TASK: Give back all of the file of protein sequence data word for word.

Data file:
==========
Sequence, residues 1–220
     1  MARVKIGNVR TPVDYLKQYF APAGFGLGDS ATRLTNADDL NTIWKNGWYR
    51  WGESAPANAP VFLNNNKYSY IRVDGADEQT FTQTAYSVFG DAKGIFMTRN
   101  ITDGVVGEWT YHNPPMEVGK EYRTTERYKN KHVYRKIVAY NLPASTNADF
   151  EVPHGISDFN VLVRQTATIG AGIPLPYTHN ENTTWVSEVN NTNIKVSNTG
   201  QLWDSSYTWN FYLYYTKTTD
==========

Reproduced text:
Sequence, residues 1–220
     1  MARVKIGNVR TPVDYLKQYF APAGFGLGDS ATRLTNADDL NTIWKNGWYR
    51  WGESAPANAP VFLNNNKYSY IRVDGADEQT FTQTAYSVFG DAKGIFMTRN
   101  ITDGVVGEWT YHNPPMEVGK EYRTTERYKN KHVYRKIVAY NLPASTNADF
   151  EVPHGISDFN VLVRQTATIG AGIPLPYTHN ENTTWVSEVN NTNIKVSNTG
   201  QLWDSSYTWN FYLYYTKTTD